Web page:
I don’t think this is a particularly hot take, but I love Dr. Seuss. Our house is full of all kinds of children’s books and I’ve logged five years of reading them for about 30 minutes each day, and Seuss is easily in the top three. My favorite is a tie between The Lorax and Fox in Socks, but high on the list, mainly for its rhythm, is Oh the Places You’ll Go.
The story of Oh the Places You’ll Go is that of a young boy who has brains in his head and feet in his shoes who can steer himself any direction that he choose. His life has ups and downs – he gets stuck in a lurch and a slump (and unslumping oneself is not easily done) and at one point he gets famous because of the things he can do with a ball. But at one point after the unslumping, the boy heads towards a place which Seuss dubs “the most useless” place: The Waiting Place.
This, of course, is for people just waiting. “Waiting for the fish to bite, or waiting for wind to fly a kite, or waiting around for Friday night, or waiting, perhaps, for their Uncle Jake, or a pot to boil or a better break. Everyone is just waiting!” And Seuss promptly offers his commentary on this waiting place: “NO! That’s not for you! Somehow you’ll escape all that waiting and staying.” And of course, the boy faces up to his problems and paddles up many a frightening creek where enemies prowl and Hakken-Kraks howl. But these things can’t stop the boy because he has mountains to move. And will the boy succeed? Yes! He will indeed! (98 and ¾ percent guaranteed)
The second week of Advent beckons us to consider the idea of faith. Faith is the means of our salvation – it is by grace we are saved through faith. In fact “without faith it is impossible to please God.” (Heb. 11:6) This is what he wants from us – faith that he has died and will come again to save and redeem us.
Now, many of us understand faith as a mental assent to a doctrine. In other words, we have faith that Jesus rose from the dead. We believe in our minds and hearts, with a dash of doubt now and then, that this happened. During the Advent season, as we look back to the first coming of Christ, we look ahead in faith to his return. We haven’t seen this happen yet, but we believe that it will.
But I would like to suggest that faith is not simply mental assent; no, faith involves the way that we live. In fact, if you go to the most famous faith-focused chapter in the Bible you will see that faith is demonstrated by action. Noah’s faith is seen in building the ark. Abraham obeyed and went. Moses left Egypt. Many martyrs faced horrible death and suffering. These things, the Scripture says, were done by faith.
Now, I don’t know much about Seussian theology (One Fish, Two Fish doesn’t give much away), but for as much as I enjoy Oh the Places, I believe that his idea about waiting missed the mark. Consider this psalm: “Wait for the LORD; be strong and courageous. Wait for the LORD”. (Psalm 27:14)
Waiting, contrary to Seuss, is an action of faith. It takes a lot of faith to wait. The Israelites were people who wanted to carve out their own future and ensure their own protection against enemies. Time and time again, the kings of Israel are rebuked for putting their trust in human alliances. David is rebuked for taking a census, probably because he was trying to ensure his might against his enemies. People did not wait, they strived to ensure the outcome they wanted. This angered the Lord, because he alone was their strength and might. He alone would rescue, save and protect.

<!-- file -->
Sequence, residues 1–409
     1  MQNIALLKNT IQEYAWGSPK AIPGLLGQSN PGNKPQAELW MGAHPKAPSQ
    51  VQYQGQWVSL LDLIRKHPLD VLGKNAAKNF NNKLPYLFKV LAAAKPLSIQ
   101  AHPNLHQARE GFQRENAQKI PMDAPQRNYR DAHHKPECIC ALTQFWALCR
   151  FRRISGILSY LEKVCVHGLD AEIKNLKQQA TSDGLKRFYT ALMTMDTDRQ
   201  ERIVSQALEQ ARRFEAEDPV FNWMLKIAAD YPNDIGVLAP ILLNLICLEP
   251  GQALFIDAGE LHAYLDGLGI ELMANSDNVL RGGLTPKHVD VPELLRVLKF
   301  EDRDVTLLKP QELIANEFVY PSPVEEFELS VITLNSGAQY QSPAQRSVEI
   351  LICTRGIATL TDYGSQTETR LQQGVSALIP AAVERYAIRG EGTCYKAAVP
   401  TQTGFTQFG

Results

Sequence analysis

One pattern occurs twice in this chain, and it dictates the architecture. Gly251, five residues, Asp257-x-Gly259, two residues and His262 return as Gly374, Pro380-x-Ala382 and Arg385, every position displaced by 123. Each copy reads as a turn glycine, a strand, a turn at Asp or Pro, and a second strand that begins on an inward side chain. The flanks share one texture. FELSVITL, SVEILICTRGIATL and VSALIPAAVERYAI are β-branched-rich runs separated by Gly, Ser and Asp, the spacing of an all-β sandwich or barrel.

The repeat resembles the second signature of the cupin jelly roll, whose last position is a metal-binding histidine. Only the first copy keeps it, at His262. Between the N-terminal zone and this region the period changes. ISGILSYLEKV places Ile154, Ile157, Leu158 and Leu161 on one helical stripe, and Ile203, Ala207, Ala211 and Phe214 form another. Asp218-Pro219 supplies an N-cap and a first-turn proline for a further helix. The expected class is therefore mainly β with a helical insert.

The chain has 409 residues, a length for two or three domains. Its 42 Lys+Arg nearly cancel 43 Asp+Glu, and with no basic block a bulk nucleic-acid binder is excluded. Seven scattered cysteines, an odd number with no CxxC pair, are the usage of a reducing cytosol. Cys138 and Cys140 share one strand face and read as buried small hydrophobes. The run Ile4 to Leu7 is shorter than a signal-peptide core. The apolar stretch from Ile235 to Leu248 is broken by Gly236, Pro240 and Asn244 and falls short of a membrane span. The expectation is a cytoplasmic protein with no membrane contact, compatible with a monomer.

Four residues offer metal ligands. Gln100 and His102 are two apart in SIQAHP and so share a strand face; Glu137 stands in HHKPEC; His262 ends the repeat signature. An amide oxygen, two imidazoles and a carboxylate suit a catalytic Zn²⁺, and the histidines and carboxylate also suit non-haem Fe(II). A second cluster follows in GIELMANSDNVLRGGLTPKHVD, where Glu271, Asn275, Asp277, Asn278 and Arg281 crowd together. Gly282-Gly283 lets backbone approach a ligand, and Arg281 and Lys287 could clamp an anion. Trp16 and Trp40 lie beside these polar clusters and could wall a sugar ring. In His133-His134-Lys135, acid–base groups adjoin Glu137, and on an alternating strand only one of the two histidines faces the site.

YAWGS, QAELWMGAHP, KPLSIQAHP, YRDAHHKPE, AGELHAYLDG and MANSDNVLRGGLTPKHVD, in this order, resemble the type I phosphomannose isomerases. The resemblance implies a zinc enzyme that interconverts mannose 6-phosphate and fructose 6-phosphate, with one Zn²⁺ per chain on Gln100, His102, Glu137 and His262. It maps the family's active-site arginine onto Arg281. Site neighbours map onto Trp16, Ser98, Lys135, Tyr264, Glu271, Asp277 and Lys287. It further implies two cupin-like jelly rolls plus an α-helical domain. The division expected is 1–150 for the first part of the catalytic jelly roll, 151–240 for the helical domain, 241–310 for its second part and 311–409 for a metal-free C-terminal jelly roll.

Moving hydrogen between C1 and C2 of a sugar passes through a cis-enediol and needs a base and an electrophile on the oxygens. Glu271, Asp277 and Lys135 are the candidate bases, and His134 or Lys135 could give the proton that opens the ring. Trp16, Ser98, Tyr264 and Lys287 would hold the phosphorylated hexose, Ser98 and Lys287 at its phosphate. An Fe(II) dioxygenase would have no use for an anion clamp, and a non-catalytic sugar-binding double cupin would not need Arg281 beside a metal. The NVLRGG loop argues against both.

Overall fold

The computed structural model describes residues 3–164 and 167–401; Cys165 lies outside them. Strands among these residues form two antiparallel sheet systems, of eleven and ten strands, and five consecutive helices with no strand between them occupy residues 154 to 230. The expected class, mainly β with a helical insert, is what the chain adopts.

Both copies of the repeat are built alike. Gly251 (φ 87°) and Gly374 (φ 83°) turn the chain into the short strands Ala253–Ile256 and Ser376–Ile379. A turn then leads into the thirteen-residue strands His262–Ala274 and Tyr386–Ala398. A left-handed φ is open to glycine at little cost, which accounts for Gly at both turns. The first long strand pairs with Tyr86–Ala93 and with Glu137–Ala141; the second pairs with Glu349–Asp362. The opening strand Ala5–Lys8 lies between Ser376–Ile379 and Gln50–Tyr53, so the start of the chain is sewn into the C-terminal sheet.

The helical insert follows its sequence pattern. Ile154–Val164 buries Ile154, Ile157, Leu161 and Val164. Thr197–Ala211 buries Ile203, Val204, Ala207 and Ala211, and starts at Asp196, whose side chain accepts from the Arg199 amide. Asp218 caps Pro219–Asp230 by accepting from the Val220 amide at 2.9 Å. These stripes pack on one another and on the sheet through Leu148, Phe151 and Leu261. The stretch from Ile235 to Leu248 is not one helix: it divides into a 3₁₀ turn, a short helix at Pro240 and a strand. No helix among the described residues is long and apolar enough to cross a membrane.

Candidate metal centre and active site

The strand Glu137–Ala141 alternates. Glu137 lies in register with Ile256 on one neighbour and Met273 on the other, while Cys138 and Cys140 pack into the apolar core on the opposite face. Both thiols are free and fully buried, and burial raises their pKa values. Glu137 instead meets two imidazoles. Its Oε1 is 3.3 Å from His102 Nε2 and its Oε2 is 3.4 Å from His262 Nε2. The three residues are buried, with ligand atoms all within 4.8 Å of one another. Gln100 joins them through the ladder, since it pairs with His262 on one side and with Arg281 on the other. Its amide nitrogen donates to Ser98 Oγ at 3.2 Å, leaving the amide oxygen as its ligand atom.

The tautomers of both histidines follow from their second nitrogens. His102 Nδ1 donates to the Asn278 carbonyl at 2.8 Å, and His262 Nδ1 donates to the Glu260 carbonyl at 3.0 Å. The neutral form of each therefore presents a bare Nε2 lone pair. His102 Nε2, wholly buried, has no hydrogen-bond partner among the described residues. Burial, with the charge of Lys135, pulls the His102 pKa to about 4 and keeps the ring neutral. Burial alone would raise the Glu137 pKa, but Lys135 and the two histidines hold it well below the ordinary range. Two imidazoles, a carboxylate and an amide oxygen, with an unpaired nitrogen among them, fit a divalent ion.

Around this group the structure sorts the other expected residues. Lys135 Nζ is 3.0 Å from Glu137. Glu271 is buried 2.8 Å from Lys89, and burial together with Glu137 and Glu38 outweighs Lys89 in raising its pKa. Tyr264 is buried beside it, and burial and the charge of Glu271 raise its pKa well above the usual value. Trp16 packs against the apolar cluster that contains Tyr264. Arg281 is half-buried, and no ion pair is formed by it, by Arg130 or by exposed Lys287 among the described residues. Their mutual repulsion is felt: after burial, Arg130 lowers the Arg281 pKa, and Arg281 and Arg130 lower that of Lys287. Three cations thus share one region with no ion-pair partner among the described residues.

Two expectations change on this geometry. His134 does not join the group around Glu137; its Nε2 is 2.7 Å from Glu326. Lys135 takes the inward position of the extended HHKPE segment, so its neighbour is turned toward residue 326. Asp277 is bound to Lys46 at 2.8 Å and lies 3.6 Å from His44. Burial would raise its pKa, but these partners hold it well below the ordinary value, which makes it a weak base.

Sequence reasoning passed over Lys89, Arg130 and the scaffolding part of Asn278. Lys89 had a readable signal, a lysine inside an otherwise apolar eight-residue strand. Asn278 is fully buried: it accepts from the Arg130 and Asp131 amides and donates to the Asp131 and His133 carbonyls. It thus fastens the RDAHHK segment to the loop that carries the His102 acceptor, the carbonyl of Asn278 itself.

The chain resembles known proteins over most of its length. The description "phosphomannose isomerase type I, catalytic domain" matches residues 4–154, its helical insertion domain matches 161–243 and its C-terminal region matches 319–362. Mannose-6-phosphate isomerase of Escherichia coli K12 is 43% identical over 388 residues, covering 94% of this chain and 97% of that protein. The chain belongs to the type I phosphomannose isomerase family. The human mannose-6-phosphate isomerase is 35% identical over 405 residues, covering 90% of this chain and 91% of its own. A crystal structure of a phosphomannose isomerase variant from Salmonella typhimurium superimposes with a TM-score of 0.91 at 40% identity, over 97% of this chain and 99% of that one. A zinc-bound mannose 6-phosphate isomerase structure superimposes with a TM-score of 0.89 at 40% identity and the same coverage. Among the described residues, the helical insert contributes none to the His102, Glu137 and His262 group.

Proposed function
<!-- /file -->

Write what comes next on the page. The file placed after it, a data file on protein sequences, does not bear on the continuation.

So the stubborn people of God are sent into exile where they are forced to do one thing – wait. And in exile, the waiting place, the prophets would say lots of things like this: “O LORD, be gracious to us; we wait for you. Be our arm every morning, our salvation in the time of trouble.” (Is. 33:2) Or this: “but they who wait for the LORD shall renew their strength; they shall mount up with wings like eagles; they shall run and not be weary; they shall walk and not faint.” (Is. 40:31)
Many will enter this Christmas season in a harder place than usual, perhaps even a waiting place. And in response, hoping for life to progress in the direction we want, will make a New Year’s resolution to be better in some way. “Covid can’t hold me down!” you may say.
“Wait,” says God. He calls us to wait on him. This doesn’t mean “do nothing,” but waiting requires faith because waiting involves not putting your faith in human solutions to problems. Faithful waiting means letting God work on God’s time. Faithful waiting means looking at an unsure future and remembering that God is your provider. Faithful waiting sometimes means staying in the muck for a while. Faithful waiting means living as if he alone is your rescuer, savior, and redeemer.
Faithful waiting sometimes means staying in the muck for a while. Faithful waiting means living as if he alone is your rescuer, savior, and redeemer.
How are you taking matters into your own hands this Christmas? How are you turning your back on that waiting place because it’s “not for you, all that waiting and staying”? Could it be that God wants to use this waiting place to teach you that man does not live by bread alone? Let us not miss this moment to learn to live by faith.
This Christmas, we look back to Mary, faithfully waiting on Jesus to be born. And we look to the heavens, faithfully waiting for him to return. Will your time in the interim be faithful? Will you lean on him? Or will you take matters into your hands to move your mountains? Let us wait on the Lord, for our hope is in him coming to make things new. And will He succeed? Yes! He will indeed. (100 percent guaranteed)